The Barracks Bar in Palm Springs is one of the legendary leather bars in the country. One of its co-owners, Dave Murdoch, writes a leather column for TALK Magazine that I've long enjoyed. The current International Mr. Leather, Gary Iriza, won last year's Mr. Barracks title, which took him to Chicago for the IML competition. I hold both Gary Iriza and Dave Murdoch in considerable respect for their work in the community. So it was with great eagerness and anticipation that I finally took the opportunity to visit The Barracks for the first time this past weekend.
I had hoped to make it to the bar on Saturday evening, February 28th. The Barracks website announced that it would be "Gear Night." The previous night, Friday, had been "Uniform Night." Unfortunately, obligations in Palm Springs kept me away both Friday and Saturday. Local friends informed me, however, that the Sunday afternoon beer bust was the best time to visit, anyway. I had my doubts about that. My friends, not being deep in the leather community, were not Barracks regulars, and I couldn't really convince myself that I'd find a bar full of leather men in full fetish attire on a Sunday afternoon in the Palm Springs heat.
I was pretty much right.
I took a set of full leathers to Palm Springs: leather jeans, my favorite leather shirt from Northbound Leathers, boots, various accessories. I'd looked forward to showing some Kansas City leather style. In the end, however, I opted for just my bar vest over jeans and a tee shirt with the boots. My partner, Ron did the same.
The beer bust officially began at 5:3o. Ron and I arrived a little after 6:30 p.m. The Barracks, while not hidden by any means, isn't that easy to find for a visitor unfamiliar with the Palm Springs/Rancho Mirage area. The bar, however, was packed with men. Men in denim. Men in khaki shorts. Men in tee shirts. Some kids in twink-du-jour. The men in leather were at a minimum, although a few wore chaps or vests or a formal, well-polished lid here and there. I felt a small wave of disappointment, but plunged into the crowd. A good bourbon and water would make it better, I told myself.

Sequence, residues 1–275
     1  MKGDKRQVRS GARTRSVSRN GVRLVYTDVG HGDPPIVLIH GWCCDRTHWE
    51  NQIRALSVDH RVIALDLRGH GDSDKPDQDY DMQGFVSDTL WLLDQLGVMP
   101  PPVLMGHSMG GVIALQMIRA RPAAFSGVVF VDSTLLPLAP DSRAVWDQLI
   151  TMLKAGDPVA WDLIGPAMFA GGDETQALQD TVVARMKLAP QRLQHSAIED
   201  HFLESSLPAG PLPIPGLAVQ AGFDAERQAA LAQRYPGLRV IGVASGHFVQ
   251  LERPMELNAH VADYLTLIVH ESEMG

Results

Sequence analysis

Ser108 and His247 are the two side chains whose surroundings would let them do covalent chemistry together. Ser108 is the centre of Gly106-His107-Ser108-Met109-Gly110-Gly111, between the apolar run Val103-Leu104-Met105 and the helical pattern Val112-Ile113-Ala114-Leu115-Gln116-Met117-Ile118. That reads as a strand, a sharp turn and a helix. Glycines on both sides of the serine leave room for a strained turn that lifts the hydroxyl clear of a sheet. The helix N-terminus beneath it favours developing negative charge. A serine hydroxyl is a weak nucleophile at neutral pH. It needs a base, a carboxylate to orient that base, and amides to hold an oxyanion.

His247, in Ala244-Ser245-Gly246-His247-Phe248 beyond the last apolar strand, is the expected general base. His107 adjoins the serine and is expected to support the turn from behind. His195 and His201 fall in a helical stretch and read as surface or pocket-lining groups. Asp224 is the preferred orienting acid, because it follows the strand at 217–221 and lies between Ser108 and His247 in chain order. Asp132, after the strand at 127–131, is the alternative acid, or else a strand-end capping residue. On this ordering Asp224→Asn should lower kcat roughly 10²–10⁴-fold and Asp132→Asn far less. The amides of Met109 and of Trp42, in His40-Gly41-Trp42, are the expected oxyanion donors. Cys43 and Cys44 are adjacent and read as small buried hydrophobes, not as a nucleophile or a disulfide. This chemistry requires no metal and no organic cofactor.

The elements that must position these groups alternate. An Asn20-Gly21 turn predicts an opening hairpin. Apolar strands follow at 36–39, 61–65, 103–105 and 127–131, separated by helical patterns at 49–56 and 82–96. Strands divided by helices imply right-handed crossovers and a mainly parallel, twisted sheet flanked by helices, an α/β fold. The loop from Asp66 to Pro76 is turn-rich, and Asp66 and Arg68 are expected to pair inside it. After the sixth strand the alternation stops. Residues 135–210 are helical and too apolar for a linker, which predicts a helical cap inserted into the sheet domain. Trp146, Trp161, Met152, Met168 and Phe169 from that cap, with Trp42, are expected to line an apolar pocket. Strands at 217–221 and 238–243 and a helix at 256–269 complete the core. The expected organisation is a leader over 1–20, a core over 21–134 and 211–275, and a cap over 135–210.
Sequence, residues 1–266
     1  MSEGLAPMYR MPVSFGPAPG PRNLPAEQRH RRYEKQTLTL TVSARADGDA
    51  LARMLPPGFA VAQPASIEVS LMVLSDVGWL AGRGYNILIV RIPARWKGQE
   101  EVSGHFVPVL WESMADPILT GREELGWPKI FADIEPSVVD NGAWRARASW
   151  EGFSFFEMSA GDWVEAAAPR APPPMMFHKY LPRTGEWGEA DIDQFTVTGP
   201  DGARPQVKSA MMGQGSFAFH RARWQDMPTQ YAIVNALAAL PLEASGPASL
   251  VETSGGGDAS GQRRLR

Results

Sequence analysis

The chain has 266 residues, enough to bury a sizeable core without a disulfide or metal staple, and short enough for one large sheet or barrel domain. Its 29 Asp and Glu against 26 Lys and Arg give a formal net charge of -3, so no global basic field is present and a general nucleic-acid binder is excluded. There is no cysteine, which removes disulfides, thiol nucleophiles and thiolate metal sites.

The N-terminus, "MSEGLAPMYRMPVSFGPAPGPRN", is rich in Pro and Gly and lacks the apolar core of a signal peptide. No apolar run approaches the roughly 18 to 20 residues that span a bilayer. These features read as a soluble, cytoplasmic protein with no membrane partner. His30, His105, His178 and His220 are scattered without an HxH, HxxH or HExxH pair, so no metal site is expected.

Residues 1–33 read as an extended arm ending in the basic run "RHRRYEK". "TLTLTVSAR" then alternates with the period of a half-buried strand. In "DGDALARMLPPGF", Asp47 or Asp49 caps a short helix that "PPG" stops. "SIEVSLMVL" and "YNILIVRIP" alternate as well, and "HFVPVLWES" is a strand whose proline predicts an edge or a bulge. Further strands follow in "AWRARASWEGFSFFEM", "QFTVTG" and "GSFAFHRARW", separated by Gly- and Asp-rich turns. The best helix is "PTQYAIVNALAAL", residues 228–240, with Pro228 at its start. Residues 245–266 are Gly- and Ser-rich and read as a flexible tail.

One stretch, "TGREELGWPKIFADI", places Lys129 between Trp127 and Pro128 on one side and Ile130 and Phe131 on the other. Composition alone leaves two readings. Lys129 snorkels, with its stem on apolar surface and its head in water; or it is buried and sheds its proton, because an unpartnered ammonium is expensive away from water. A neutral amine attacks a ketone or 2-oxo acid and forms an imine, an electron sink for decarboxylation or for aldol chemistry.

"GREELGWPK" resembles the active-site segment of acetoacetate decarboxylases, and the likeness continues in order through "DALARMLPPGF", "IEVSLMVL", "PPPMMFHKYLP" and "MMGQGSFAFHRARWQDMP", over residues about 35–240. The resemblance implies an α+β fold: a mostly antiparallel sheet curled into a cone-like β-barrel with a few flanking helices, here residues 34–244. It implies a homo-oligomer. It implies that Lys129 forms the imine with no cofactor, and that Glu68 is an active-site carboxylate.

The interior of the Barracks Bar is actually pretty small. Again I felt thrown off balance. The "legendary" Barracks Palm Springs could fit in my living room. A single pool table dominates the space. But then, this is Palm Springs after all, the desert where it almost never rains. I quickly discovered the vast ring of outdoor patios attached to that umimpressive interior space. The patios transform the Barracks into a much larger space. Likewise, I discovered the smokers. Throngs of them sucking cancer sticks like it had suddenly come back into fashion. Now tie me up and blow clouds of rich cigar smoke in my face - maybe - if you're butch enough to get me in ropes. But a general smog of cigarette smoke is about as erotic as wet newspaper.
I lingered outside, though, because the Barracks also hosted on this particular Sunday a hot dog concession at one corner of one of the patios, and the smell of those over-roasted meats outweighed the stench of cigarettes and proved irresistable. I'd eaten healthy all week, like a good body builder, but I had to have one of those. As I approached the table, one of the volunteer workers leaned across the table and gave me an unexpected pinch on my left nipple as he mumbled something very complimentary. Hey, I thought, so they're friendly here, after all. I hadn't seen much evidence of it until that moment. The hotdogs were free, or pay whatever you wanted into a glass jar. I gave him a couple of bucks and chatted with him for a short time. The hot dog was great, and shortly, I had a second one, but the gent was too busy for further conversation.
Ron and I stayed for about an hour. At this point, I still don't feel that I have a fair impression of the Barracks in Palm Springs. Where in this tiny space, I wondered as I looked around, do they hold the competition that creates IML winners? Why, I wondered, were the lines to the bath rooms so ridiculously long? Was there a show in the urinals I was missing? I never checked it out.
Mostly, I can't say that I found it a friendly place. Aside from the hot dog worker, I talked to no one, and no one talked to me or to Ron. But as I've already mentioned, this was Sunday afternoon. Perhaps on Friday night or Saturday night, the atmosphere might have been different. I couldn't help compare the Barracks, however, with Chaps II, the San Francisco leather bar I had visited a month before where everyone geared up and everyone was friendly as could be. Chaps II had a sense of brotherhood. The Barracks had ... well, it had the smell of hot dogs.
I hope for another chance to visit the Barracks, perhaps next year. Maybe one sip just isn't enough to appreciate its flavor. Maybe you need to drink the whole experience.